Your Cutlery May Be Making You Eat More

Many in the weight loss industry believe that the feeling of being satisfied by a meal is greater in foods that are bursting with flavor. Though this has encouraged some to tinker with different flavors and flavor enhancers to try to discover a natural appetite suppressing effect, the answer may also be in the cutlery that is used to consume the food.

A recent study is now suggesting that the shape, color, weight, and size of your cutlery could impact the way that your food tastes to you. The research was conducted using yogurt. The participants in the study reported that when using a white spoon, they felt that white yogurt was sweeter tasting than pink-colored yogurt, but when they ate it with a black spoon, the opposite results were reported.

The researchers in the study said that these findings may be helpful to individuals who are attempting to alter their eating habits by reducing the amount of salt that they require on their foods or to help reduce the portion sizes.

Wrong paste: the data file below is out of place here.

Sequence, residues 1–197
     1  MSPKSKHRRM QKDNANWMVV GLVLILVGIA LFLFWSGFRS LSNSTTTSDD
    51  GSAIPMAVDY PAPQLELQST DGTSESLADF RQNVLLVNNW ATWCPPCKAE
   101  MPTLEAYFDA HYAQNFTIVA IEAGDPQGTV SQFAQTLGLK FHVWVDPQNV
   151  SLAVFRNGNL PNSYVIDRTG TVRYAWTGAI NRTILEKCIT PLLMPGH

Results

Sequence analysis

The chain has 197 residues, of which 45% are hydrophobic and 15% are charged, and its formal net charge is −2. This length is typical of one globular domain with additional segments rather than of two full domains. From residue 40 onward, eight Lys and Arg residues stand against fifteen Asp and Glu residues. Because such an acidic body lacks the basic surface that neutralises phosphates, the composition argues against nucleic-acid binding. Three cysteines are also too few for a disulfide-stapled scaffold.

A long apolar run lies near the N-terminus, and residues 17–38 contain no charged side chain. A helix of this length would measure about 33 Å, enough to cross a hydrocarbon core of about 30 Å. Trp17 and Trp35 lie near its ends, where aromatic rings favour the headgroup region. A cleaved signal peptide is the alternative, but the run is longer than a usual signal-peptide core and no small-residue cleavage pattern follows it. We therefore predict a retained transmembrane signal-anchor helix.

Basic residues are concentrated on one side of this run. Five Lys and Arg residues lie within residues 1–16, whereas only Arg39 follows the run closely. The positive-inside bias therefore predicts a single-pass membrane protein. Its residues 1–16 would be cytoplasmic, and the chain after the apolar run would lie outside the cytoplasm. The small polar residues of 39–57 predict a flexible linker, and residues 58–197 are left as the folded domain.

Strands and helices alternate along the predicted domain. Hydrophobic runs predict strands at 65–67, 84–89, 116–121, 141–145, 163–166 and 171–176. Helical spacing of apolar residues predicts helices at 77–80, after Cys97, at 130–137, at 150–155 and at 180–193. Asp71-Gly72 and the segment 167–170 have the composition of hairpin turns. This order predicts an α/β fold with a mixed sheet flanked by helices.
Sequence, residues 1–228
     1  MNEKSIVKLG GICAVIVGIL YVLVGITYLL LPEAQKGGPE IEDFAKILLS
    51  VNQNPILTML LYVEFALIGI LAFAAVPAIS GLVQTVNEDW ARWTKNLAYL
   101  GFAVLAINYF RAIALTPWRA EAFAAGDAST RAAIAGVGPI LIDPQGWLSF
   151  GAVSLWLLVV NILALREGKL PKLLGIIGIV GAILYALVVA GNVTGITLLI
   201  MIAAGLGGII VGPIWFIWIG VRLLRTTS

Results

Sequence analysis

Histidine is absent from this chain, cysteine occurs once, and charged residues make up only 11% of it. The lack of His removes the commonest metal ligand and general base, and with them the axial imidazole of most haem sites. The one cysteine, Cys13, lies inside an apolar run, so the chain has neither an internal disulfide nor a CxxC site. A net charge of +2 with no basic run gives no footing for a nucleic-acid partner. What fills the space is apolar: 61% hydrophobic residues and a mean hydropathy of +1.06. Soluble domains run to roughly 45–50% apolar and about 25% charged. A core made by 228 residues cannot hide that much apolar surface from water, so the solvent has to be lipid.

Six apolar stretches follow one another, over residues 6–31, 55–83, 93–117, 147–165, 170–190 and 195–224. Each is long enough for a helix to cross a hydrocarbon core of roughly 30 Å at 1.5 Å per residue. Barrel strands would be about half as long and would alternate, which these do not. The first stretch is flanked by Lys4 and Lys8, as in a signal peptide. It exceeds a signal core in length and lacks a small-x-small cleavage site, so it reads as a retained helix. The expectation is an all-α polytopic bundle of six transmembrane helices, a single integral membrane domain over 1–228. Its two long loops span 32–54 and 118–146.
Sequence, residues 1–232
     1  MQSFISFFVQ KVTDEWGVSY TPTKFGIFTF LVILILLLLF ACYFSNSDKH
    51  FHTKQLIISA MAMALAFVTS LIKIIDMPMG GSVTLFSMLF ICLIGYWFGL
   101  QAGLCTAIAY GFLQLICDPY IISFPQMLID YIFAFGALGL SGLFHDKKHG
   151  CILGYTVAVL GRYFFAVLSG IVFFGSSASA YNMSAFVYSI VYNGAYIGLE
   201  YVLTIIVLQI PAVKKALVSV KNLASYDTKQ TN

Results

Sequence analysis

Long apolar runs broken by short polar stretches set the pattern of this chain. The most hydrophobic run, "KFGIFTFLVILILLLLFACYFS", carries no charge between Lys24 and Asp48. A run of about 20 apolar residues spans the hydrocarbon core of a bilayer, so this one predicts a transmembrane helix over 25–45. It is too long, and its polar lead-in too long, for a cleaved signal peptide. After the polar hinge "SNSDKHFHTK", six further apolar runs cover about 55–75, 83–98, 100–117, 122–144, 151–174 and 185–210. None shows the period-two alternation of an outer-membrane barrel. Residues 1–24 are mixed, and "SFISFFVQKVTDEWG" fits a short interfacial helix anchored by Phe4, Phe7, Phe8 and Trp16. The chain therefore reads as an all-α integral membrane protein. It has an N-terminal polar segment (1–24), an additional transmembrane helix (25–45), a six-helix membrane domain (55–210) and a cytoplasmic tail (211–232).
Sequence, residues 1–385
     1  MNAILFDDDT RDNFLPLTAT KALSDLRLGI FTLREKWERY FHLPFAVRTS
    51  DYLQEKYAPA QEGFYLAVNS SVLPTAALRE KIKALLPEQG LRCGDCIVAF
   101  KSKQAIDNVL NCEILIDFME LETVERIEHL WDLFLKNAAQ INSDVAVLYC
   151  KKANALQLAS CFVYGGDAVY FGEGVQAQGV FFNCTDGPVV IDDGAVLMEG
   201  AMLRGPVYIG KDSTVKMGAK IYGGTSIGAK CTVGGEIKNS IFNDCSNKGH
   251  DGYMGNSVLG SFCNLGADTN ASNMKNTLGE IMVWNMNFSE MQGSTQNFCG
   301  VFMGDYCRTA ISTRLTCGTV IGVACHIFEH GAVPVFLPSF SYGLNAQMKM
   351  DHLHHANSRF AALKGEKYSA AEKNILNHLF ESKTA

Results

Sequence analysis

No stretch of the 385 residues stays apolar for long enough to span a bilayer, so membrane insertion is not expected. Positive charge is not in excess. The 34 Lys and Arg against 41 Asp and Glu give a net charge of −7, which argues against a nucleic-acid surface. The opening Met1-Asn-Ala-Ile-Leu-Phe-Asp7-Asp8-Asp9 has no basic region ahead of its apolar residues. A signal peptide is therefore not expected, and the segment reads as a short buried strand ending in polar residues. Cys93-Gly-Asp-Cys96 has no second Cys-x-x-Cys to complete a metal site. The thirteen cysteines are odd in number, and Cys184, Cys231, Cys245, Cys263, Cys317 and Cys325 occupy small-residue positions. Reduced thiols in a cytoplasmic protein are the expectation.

According to the researchers from the University of Oxford, Vanessa Harrar and Charles Spence, the way that we experience our food is not simply limited to our taste buds. It involves many different senses, including taste, smell, the mouth feel of the food, and even our perception of the food before it even enters our mouths. We see food before we taste it and our brains already begin making judgments about it at that time. This impacts the overall experience of a food. The results of the study were published in the Flavour journal in the United Kingdom.

When the participants used a plastic spoon, they thought that the yogurt was more expensive and more dense. When eaten from a white spoon, they said that white yogurt was sweeter and tasted better than pink yogurt. When eating from a black spoon the pink was considered to be sweeter than the white.

The participants then had to eat cheese from a fork, spoon, knife, and toothpick. They reported that the cheese that they ate from the knife was the saltiest tasting.

Harrar explained that changing the implements and tableware that are used will help to make a meal seem more filling or pleasurable. The color of a food looks different depending on the plate that is used in the background. This causes it to taste different because the brain has already set it up for a certain response.

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